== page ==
Paul rarely identifies himself by name in the body of his letters (2 Cor 10:1; Gal 5:2; Eph 3:1; Col 1:23; 1 Thess 2:18; Philem 9 are the sole exceptions). When he does, it inevitably carries special significance. I, Paul, . . . beg you that when I come I may not have to be as bold as I expect to be (10:1-2). This rather startling comment at 10:1 marks the transition to the last of the letter's three major sections (1:1—7:16; 8:1—9:15; 10:1—13:13). Indeed, so startling is Paul's statement, coming after his plea for the Corinthians' affection (chapter 6), his expressions of joy and confidence (chapter 7) and his fundraising appeal (chapters 8—9), that many today find it hard to believe that 1:1—9:15 and 10:1—13:13 originally coexisted in the same letter.
This is not the only difficulty. There are other aspects of chapters 10—13 that seem to be at odds with the rest of the letter. For one, Paul's remarks about his critics become much more pointed and strident. The "some" who peddle the word of God for profit (2:17) and carry letters of recommendation (3:1-3) are now called "false apostles," "deceitful workmen" and "[Satan's] servants" (11:13-15) who are out to enslave, exploit and slap the Corinthians in the face (11:20). Also, Paul's defense becomes much more impassioned: "What anyone else dares to boast about . . . I also dare to boast about" (11:21)—so much so that he admits to being out of his mind to talk as he is doing (11:23). Moreover, his tone is marked by biting sarcasm and scathing irony (for example, 11:19: "You gladly put up with fools since you are so wise!"). Indeed, translations average six exclamation points in rendering the Greek of chapters 10—12. Finally, Paul's attitude toward the Corinthians becomes threatening: "On my return," he warns, "I will not spare those who sinned earlier" (13:2). "Examine yourselves," he commands, "to see whether you are in the faith" (13:5; see the introduction).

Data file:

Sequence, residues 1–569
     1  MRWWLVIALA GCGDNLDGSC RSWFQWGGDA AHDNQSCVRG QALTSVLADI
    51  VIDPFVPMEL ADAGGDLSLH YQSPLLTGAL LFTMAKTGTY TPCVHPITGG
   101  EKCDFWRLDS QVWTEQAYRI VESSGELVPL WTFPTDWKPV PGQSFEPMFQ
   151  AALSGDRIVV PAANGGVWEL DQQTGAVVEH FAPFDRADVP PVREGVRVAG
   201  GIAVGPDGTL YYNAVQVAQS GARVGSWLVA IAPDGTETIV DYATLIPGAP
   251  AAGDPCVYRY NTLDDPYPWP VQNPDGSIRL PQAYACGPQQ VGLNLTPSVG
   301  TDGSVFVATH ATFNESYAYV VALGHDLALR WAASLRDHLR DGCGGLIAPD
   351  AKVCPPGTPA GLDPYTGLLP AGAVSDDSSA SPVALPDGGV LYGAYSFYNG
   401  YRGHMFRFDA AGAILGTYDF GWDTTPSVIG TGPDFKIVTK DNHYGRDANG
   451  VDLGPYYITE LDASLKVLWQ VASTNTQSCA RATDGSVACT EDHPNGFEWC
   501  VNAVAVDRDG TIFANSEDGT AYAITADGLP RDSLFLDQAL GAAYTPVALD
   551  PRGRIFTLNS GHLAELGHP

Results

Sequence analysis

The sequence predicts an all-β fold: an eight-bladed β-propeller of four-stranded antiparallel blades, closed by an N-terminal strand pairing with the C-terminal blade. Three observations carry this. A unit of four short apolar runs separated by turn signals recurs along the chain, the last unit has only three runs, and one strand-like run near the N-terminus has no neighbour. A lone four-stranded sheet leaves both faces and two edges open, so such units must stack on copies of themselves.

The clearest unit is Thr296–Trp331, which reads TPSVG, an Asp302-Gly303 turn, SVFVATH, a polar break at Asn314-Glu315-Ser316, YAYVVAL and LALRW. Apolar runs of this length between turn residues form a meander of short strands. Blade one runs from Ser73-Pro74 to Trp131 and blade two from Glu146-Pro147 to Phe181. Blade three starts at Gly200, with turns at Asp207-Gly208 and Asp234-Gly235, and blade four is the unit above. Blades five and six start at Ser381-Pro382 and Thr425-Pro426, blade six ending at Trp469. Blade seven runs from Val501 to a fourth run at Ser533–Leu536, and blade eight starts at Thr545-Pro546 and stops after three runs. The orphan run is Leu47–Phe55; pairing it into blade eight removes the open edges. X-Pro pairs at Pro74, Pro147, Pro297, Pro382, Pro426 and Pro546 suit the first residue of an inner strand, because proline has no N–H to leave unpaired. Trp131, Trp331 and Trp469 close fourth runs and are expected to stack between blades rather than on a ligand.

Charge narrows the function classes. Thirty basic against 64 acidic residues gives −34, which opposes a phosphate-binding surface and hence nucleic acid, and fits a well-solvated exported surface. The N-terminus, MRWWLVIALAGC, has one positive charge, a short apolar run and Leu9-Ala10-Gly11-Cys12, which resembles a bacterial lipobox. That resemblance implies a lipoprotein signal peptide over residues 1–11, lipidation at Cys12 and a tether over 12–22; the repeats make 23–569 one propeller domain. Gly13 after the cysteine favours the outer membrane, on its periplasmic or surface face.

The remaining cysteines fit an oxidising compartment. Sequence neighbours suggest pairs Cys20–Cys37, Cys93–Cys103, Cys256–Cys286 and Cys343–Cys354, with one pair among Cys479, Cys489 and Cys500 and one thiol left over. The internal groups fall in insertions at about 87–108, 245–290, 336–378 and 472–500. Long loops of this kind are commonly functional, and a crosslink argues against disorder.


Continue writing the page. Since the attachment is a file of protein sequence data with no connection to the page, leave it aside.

A number of proposals have been put forward to account for this state of affairs. Some think that the explanation lay in Paul's frame of mind—that he penned chapters 10—13 after a bad night's sleep or that a lengthy dictation pause intervened. Others suppose that he received fresh news of an alarming character, prompting him to abruptly shift gears. Different audiences are sometimes proposed. Perhaps chapters 1—9 are addressed to the Corinthian congregation, while chapters 10—13 are directed at certain false apostles who have forced themselves into the congregation. Or maybe chapters 1—9 are intended for the majority who supported Paul (2:6), and chapters 10—13 are aimed at the minority who were still against him. It is even surmised that the abrupt shift is the result of Paul's habit of picking up the pen from his secretary and writing the final comments and greeting in his own hand (compare 1 Cor 16:21).
The difficulty, though, is that there are no contextual clues to alert the reader to a bad night's sleep, the receipt of disturbing news ("I hear that . . ."), a change of audience ("Now, to the rest of you . . .") or a change of writers ("I write this in my own hand"). This has led some to suggest that Paul intentionally reserved his criticism until he had regained the Corinthians' trust or that he first consolidated his apostolic authority and then exercised it. Yet the earlier chapters do not lack for criticism (in 3:1, for example, he says, "Do we need, like some people, letters of recommendation to you or from you?"). And Paul's authority is hardly a settled issue in the final chapters ("since you are demanding proof that Christ is speaking through me," 13:3).
The real problem that requires explanation is the sudden intensity of approach and stridency of tone at 10:1. How probable from a pastoral standpoint would it be for Paul to begin the letter with praise ("Praise be to the God and Father . . ." 1:3) and conclude with a sharp warning ("Examine yourselves," 13:5)? There is no real parallel to this in his other letters.